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Senators, NRHA members speak against CAH cuts in president’s budget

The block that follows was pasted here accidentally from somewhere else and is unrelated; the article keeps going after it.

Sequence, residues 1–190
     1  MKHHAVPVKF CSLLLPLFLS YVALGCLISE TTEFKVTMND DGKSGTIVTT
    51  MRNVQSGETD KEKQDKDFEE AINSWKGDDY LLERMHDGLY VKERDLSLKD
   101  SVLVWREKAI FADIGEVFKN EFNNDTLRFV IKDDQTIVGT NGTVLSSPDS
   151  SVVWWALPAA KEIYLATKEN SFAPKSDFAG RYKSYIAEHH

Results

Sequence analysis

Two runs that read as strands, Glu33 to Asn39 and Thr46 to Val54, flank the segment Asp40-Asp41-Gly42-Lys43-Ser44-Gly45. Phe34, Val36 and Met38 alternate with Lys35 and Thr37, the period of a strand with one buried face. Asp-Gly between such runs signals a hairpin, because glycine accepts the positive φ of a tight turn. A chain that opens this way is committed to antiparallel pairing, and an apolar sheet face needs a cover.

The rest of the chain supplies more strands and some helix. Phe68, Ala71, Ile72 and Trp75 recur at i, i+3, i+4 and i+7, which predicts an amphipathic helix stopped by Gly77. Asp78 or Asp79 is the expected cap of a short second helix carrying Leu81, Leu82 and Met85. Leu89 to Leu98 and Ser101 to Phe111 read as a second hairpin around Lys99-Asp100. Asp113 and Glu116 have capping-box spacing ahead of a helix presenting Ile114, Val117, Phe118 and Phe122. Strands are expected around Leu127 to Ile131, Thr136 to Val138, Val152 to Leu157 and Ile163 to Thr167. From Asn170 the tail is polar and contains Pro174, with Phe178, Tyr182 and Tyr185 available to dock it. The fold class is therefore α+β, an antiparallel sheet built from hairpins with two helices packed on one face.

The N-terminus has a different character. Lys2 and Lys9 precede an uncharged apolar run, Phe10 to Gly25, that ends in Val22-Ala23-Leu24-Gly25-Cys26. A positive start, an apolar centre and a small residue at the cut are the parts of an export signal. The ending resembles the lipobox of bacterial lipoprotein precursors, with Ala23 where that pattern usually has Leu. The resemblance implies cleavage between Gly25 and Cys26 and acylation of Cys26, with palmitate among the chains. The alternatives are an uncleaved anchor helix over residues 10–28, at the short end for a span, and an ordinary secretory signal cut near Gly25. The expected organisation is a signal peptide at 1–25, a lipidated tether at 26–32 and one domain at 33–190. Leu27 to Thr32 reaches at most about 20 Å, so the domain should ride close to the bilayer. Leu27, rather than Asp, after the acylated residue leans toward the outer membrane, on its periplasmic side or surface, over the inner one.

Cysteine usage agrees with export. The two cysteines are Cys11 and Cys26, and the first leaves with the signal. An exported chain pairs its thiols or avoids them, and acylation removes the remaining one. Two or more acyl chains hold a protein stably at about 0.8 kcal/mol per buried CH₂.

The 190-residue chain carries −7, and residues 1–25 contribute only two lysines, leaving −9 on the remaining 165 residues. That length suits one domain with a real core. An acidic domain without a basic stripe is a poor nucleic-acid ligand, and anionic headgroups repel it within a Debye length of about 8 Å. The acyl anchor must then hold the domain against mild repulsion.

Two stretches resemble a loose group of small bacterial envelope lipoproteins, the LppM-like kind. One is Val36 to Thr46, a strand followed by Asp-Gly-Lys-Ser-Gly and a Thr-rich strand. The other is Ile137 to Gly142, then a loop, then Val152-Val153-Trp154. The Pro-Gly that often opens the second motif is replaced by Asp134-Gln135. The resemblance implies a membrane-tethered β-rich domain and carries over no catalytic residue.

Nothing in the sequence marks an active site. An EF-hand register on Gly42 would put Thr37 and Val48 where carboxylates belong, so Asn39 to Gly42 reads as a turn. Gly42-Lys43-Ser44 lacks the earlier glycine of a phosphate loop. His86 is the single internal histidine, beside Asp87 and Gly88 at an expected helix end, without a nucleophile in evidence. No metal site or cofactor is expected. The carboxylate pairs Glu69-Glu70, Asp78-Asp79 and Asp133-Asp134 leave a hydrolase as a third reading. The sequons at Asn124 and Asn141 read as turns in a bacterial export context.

Senators and testifying witnesses expressed concerned over the proposed cuts to critical access hospitals (CAHs) in the president’s budget, during today’s Senate Appropriations Subcommittee on Labor, Health and Human Services, Education, and Related Agencies hearing on rural health programs in the Health and Human Services fiscal year 2016 budget, The budget calls for reducing reimbursement for all CAHs from 101 percent of “reasonable costs” to 100 percent of reasonable costs and eliminating the critical access designation for hospitals closer than 10 miles to the nearest hospital, regardless of community need, the type of facility less than 10 miles away, or the reason a governor designated the hospital as a necessary provider. “I am concerned that some of the proposals within the department’s budget and recent regulations that have been issued would disproportionately affect rural health care and jeopardize health care access – and threaten the survival of small towns,” Chairman Roy Blunt (R-MO) said. Sen. Jerry Moran (K-RS) raised many critical questions about the CAH program and effects such cuts would have on the rural health safety net. Moran quoted the National Rural Health Association in his exchange with Tom Morris, Federal Office of Rural Health Policy associate administrator, about the accelerated pace at which rural hospitals have been closing. Moran asked Morris for a report of not only what happens to a community when a hospital closes, but also what steps could have been taken to prevent the closure in the first place. Morris said the department was going to continue to further study rural hospital closures. He said there isn't a single factor behind the increase in closures, and it is very community specific. “This is a real priority for us and we are going to work with colleagues across the department,” Morris added. Several NRHA members testified before the committee today on the importance of rural programs and how cuts and regulations are burdening their facilities, including George Stover, CEO of Rice County Hospital District 1 in Lyons, Kan., and Tim Wolters, who serves as the director or reimbursement at Citizens Memorial Hospital and the reimbursement specialist for Lake Regional Hospital System in Missouri. Stover said steps should be taken to minimize the regulatory burdens placed on rural health providers, adding that CAH reimbursement reductions and sequestration cuts would potentially exacerbate rural hospitals’ challenges. Wolters also outlined challenges to rural hospitals, including patient volumes, Medicare utilization, the cumulative impact of Medicare reimbursement cuts and the increasingly complex regulatory environment. NRHA applauds the witnesses and senators for supporting the rural health care safety net. NRHA asks Congress to protect the funding these important rural programs receive, to protect the CAH designation and to protect the nearly 300 rural hospitals on the brink of closure.

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